At the U.S. Capitol on Jan. 6, as an angry throng of Trump supporters, with violence on its mind, surged toward a barricade manned by a handful of police, a white flag appeared above the masses, flapping in the wind. It featured an ichthys — also known as the Jesus fish — painted red, white and blue. Above the religious symbol were the words, “Proud American Christian.” And it was just one of several prominent examples of religious expression that occurred in and around the storming of the Capitol which left five people dead and several seriously injured.
The now famous — or infamous — realtor from Texas, Jenna Ryan, livestreamed herself entering the Capitol with other insurrectionists. As she crosses the threshold, she can be heard declaring, “Here we are in the name of Jesus! In the name above all names!” In the name of Jesus … people killed, beaten and injured; in the name of Jesus … other people threatened, terrorized, and a gallows constructed on Capitol grounds. If this is Christianity, who needs it? And I say that as someone who has been a Christian pastor for 43 years.
Make no mistake, what was on display in Washington D.C., that day was nothing less than a corrupted and rather frightening form Christianity or, better yet, Christian nationalism; a dark and dangerous fusion of God, country and Trump that the Jesus of the New Testament would never recognize and certainly never embrace. So many of the “Christian” rioters seemed convinced that following Jesus and following Trump are really the same thing. And for those who didn’t agree … well, they did bring along that gallows.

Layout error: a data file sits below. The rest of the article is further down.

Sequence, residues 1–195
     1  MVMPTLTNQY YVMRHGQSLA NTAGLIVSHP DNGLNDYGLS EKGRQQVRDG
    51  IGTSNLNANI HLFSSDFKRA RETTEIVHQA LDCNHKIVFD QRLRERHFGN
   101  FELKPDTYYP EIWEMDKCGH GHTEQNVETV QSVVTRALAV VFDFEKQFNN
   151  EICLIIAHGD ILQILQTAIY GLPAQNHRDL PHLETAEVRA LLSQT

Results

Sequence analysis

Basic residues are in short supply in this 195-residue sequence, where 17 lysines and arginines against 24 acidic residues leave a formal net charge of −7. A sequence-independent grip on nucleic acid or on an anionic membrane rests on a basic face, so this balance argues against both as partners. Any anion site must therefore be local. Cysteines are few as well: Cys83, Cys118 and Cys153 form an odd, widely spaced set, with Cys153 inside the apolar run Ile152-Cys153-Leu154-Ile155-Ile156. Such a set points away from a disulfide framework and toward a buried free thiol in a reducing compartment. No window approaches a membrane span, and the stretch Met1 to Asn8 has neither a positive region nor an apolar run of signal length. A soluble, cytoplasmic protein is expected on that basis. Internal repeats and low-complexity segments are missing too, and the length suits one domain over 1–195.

In the words of pastor, Peter Marty, “When an armed mob of Americans overtook the U.S. Capitol last month, we were forced to reckon collectively with how the misuse of Christianity and the abuse of the American flag can easily legitimate such evil. Moral values and national virtues are not self-enforcing. They require people willing to stand up for them, a citizenry convinced that integrity, honesty and civility are essential to American life.” Malignant narcissism and authoritarian behavior, when coupled with an intolerant and mean-spirited expression of religious faith, become downright evil.
This is a moment when people of faith and good will really do need to make a distinction between good religion and bad religion. All religion is not all the same. Good religion will appeal to the higher human instincts, not the lower. It will not wallow in the mud of name-calling, race-baiting and divisiveness. It will not resort to violence. Rather it points beyond itself, lifts itself above partisan politics and political ideology and makes itself a servant of human compassion and need. It remains concerned for the human condition everywhere and tries to do something about it. It is inclusive, wrapping its arms around others instead of pushing them aside. In the face of a corrupted Christianity that preaches hatred and violence, silence is not an option. In the words of that famous theologian, W.C. Fields, “Wouldn’t it be terrible if I quoted some reliable statistics which prove that more people are driven insane through religious hysteria than by drinking alcohol?” After viewing the zealots on January 6th, I believe he had a point. Cabernet, anyone?
During the Civil War, Secretary of State William Seward said this: “There was always just enough virtue in this republic to save it; sometimes none to spare.” We have now learned what “none to spare” looks like. Now is the time for people of faith to step forward and proclaim a faith, not that divides and tears down, but rather builds a more just and humane country where we value a diverse, democratic society and are concerned for the welfare and wellbeing of our entire human community. Is “freedom and justice for all” really too much to ask?